• In the case of a complainant who is aged under 18 a parent or guardian (as well as one of the people already listed)
  • Any other person with the permission of the adjudication officer

The WRC have information about what happens at an adjudication hearing.

The decision

The adjudication officer makes a decision in accordance with the relevant law and the decision is given to the parties in writing. At this stage, either party may appeal this decision – see below.

Decisions by adjudication officers will be published and in most cases will include the names of the parties (see ‘WRC procedural changes’ below).

WRC procedural changes

Following a Supreme Court judgment, the law covering certain WRC procedures has been updated, as follows:

  • Hearings are open to the public (except cases where there are ‘special circumstances’)
  • Decisions are no longer anonymised on publication
  • WRC adjudicators now have statutory powers to administer an oath or affirmation
  • Giving false evidence under oath is a crime that can be prosecuted

The changes are effective from 29 July 2021. You can read more in the WRC guidance on Workplace Relations (Miscellaneous Provisions) Act 2021.

The above changes do not apply to:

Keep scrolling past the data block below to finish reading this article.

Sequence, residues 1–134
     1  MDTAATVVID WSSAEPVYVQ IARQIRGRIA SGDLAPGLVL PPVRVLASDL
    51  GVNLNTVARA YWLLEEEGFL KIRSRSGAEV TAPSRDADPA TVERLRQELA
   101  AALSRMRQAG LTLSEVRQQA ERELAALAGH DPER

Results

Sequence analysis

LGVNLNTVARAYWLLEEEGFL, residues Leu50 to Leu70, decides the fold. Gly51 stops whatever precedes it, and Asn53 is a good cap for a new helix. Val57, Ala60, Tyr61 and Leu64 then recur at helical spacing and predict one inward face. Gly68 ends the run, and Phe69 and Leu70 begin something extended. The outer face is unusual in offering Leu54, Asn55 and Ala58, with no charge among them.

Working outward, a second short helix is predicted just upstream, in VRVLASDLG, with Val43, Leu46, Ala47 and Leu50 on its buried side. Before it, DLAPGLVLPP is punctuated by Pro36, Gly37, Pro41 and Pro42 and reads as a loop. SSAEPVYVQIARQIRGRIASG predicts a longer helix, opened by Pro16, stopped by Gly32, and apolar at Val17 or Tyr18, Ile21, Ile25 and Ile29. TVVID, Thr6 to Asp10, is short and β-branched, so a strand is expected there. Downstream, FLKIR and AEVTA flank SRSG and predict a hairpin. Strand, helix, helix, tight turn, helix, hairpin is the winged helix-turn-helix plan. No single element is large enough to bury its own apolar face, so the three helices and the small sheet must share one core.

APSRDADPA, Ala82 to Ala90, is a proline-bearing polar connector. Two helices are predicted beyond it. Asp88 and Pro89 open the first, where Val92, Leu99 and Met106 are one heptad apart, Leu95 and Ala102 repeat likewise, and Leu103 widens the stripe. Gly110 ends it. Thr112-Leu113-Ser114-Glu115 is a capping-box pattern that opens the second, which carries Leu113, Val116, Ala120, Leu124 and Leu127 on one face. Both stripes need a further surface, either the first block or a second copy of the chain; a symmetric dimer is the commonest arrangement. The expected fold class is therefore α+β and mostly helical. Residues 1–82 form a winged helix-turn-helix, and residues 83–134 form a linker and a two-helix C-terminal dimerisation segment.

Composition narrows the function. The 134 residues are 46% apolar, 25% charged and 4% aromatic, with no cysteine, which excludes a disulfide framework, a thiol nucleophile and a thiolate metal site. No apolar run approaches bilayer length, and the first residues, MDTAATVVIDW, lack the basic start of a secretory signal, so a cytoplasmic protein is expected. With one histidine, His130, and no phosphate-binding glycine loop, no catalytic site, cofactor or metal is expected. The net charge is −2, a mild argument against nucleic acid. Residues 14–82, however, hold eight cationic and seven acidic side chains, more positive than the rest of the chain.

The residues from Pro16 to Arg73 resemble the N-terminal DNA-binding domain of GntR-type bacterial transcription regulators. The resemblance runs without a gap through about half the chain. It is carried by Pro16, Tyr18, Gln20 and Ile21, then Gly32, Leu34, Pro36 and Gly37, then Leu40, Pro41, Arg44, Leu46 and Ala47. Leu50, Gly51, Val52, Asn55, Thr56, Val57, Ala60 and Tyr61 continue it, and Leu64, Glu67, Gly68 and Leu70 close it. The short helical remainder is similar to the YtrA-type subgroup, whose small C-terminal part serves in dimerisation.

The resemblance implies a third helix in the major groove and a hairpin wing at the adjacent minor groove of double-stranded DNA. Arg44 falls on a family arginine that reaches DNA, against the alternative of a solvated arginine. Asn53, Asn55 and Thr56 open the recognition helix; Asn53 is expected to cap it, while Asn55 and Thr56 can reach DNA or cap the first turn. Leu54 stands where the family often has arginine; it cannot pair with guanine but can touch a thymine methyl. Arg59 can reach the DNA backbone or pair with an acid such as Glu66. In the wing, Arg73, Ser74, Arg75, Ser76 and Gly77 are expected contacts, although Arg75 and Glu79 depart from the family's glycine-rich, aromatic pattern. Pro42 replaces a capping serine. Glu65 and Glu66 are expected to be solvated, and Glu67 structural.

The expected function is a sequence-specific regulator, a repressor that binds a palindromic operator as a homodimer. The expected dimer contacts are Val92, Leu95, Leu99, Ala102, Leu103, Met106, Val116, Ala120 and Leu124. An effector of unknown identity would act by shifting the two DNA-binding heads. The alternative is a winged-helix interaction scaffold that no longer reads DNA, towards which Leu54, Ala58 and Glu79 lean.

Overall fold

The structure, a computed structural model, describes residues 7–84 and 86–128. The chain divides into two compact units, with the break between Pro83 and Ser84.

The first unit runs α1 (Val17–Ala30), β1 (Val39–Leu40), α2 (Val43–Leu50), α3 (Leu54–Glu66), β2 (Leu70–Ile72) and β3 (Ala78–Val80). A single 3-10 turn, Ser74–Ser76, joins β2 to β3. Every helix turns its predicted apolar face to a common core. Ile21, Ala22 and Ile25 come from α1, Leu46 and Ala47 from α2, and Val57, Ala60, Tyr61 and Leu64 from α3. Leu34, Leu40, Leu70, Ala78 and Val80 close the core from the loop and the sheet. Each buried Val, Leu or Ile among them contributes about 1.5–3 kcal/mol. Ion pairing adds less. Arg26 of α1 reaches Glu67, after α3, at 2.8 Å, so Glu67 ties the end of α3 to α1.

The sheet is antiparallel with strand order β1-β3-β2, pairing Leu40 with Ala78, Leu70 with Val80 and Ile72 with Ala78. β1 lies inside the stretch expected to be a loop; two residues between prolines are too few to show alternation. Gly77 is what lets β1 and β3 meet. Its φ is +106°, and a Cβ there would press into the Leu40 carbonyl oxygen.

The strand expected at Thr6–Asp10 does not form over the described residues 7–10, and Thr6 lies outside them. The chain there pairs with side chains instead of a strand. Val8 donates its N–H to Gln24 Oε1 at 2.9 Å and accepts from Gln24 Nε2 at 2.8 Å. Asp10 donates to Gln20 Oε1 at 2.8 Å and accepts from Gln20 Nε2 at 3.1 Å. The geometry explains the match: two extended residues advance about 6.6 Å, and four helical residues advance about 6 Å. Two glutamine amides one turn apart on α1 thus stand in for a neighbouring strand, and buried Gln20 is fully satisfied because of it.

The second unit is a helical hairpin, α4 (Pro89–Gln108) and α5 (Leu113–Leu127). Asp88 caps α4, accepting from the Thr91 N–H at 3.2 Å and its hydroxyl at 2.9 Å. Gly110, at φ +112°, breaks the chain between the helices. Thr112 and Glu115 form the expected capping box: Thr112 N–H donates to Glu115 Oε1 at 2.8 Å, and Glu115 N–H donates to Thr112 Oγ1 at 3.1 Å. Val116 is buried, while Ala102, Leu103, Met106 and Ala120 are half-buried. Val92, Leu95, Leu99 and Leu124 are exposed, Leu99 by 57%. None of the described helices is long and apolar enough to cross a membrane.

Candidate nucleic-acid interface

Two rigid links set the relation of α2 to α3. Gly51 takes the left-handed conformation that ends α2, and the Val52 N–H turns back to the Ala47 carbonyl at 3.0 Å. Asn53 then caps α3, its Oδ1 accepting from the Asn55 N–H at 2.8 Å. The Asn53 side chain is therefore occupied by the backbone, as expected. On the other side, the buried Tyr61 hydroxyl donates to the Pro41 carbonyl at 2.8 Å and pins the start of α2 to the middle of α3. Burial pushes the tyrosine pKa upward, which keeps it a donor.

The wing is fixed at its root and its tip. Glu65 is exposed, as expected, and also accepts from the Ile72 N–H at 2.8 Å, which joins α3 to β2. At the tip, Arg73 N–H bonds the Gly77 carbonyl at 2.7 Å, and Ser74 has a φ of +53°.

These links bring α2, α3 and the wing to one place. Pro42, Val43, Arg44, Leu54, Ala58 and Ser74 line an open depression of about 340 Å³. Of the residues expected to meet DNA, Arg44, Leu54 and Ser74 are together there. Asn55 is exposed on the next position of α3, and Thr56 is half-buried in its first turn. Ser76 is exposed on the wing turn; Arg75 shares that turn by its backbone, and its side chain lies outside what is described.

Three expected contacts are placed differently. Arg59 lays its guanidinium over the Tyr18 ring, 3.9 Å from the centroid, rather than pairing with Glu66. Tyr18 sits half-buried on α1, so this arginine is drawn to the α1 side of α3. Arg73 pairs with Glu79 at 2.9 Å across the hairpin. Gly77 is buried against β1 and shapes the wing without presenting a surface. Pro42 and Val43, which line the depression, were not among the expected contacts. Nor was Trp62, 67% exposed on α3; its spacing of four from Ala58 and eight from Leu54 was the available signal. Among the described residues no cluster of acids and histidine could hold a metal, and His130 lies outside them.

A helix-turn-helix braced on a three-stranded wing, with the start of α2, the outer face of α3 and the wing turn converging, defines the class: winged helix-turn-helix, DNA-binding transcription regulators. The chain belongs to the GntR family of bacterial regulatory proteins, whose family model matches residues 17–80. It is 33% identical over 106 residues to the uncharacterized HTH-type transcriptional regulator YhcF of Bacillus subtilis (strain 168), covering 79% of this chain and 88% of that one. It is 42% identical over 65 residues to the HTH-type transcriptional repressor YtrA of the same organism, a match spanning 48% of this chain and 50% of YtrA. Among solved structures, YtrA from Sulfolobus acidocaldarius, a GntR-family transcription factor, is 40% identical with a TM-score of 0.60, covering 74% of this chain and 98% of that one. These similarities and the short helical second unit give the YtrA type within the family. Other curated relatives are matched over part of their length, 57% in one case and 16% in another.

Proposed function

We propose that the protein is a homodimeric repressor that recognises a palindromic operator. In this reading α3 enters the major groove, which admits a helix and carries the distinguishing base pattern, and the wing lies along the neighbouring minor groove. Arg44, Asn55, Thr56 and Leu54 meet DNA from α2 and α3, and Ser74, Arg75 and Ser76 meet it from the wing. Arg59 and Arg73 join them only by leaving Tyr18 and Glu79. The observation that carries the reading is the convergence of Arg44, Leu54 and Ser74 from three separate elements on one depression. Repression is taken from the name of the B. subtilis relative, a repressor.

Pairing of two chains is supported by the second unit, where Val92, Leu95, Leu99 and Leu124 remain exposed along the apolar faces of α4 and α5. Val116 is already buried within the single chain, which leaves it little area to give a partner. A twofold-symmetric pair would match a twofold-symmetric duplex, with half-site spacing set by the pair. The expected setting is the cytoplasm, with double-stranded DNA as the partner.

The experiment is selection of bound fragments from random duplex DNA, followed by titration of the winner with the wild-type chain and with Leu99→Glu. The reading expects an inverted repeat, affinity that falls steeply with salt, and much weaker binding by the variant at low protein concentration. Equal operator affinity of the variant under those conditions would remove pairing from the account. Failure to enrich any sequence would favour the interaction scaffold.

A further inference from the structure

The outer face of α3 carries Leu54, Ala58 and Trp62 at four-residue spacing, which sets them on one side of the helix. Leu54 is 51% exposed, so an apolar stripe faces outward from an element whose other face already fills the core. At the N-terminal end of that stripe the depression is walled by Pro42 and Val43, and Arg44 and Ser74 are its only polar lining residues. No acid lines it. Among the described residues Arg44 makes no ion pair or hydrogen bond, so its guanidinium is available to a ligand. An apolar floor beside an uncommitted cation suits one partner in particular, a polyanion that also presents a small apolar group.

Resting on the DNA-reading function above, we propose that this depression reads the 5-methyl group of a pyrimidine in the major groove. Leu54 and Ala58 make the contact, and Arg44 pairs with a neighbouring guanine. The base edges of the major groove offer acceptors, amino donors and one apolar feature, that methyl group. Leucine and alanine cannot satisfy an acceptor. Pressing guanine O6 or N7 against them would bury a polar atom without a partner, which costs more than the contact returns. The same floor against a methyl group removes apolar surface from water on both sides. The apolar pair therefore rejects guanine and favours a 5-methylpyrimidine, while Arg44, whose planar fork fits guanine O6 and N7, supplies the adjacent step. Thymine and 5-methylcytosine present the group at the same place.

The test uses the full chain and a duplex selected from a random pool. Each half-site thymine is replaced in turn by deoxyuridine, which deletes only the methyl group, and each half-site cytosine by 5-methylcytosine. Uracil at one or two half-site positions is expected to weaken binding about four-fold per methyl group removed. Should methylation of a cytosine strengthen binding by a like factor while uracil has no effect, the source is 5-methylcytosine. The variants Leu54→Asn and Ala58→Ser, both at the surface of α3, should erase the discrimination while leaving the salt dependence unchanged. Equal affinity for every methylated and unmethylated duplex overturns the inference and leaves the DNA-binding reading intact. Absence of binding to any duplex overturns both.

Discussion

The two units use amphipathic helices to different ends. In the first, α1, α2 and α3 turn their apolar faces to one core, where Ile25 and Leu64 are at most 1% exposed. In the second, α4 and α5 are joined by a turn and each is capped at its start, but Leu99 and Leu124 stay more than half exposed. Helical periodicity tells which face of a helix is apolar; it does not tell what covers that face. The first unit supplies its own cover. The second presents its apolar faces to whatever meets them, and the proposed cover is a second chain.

• Industrial Relations disputes (under section 13 Industrial Relations Act 1969), which will continue to be heard in private
  • WRC mediation which continues to be entirely confidential

How is the adjudicator's decision enforced?

The employer has 56 days to carry out the decision of the adjudication officer. If the employer fails to do so, the employee, the WRC, the employee’s trade union or excepted body can apply to the District Court for an order directing the employer to do so. An excepted body is a body that represents the interests of a particular group of workers.

In general, the District Court must make the order. If the decision was to reinstate or re-engage the employee, the District Court may substitute an order to pay compensation. The compensation can be up to 104 weeks’ pay calculated in accordance with the rules under the Unfair Dismissals Acts 1977–2015. The District Court may also order interest to be paid.

An employer who fails to comply with an order directing to pay compensation is committing an offence, unless they can show they were unable to comply due to financial circumstances.

Appealing an adjudicator's decision

A decision of an adjudicator may be appealed to the Labour Court within 42 days. This time limit can be extended if the Labour Court is satisfied that there were exceptional circumstances causing the delay.

For more information on your employment rights contact the Workplace Relations Commission's Information and Customer Services - see 'Where to apply' below.

Where to apply

Workplace Relations Commission - Information and Customer Service

O'Brien Road
R93 E920

Opening Hours: Mon. to Fri. 9.30am to 1pm, 2pm to 5pm
Tel: (059) 917 8990
Locall: 1890 80 80 90
Page edited: 3 August 2021